What You Need to Know About the Oleander Plant – Apocynaceae – Nerium Oleander

Originating from the Mediterranean to western China, oleander is a large evergreen shrub with leathery, dark green leaves, grown for its display of beautiful, often fragrant, funnel-shaped flowers. These are produced in terminal clusters and can be single, semi double or fully double, according to the variety in shades of white, cream, yellow, apricot, salmon, cop­per, pink, rec, carmine, and purple. Individual flowers can be up to 2 in. (5 cm) across and are borne in groups of 6—8. This is an ideal plant for a sunny windowsill while it is small, and for a well-lit conservatory or sun-room as it grows.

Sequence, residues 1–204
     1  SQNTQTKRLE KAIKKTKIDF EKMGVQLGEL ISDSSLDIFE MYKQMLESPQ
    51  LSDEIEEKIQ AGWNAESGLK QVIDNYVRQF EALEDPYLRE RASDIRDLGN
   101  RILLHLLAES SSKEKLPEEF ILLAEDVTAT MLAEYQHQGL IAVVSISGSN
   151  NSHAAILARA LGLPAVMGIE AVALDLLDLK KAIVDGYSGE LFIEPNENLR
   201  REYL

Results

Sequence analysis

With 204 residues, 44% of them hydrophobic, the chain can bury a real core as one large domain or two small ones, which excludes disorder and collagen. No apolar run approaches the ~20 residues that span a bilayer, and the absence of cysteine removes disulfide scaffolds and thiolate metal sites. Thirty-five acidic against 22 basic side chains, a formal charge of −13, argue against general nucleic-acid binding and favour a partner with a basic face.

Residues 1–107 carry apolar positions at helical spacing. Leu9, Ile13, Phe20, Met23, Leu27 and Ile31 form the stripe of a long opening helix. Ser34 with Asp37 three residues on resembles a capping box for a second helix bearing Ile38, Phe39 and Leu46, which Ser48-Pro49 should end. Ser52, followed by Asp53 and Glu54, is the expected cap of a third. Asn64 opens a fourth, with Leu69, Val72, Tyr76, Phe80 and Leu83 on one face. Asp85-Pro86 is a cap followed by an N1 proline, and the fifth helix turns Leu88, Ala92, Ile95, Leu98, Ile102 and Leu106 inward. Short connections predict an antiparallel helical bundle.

Size: Height up to 6 ½ —7 ft. (2—2.2 m).

Light: Dire it sunlight.

Temperature: Normal room from spring to fall, but below 60°F (15°C) in winter for the rest period; winter minimum 45°F (7°C).

Moisture: Keep thoroughly moist from spring to fall, barely moist in winter. Allowing the plant to dry out as the flowers form will result in the buds being shed.

Feeding: Provide standard liquid fertilizer every two weeks in spring and summer.

Propagation: Take tip cuttings, to 6 in. (15 cm) long, in summer, rooted in either soil or water.

Special needs: The whole plant — sap, flowers, and seeds — is very poisonous, so handle with extreme caution, and wash hands thoroughly after contact.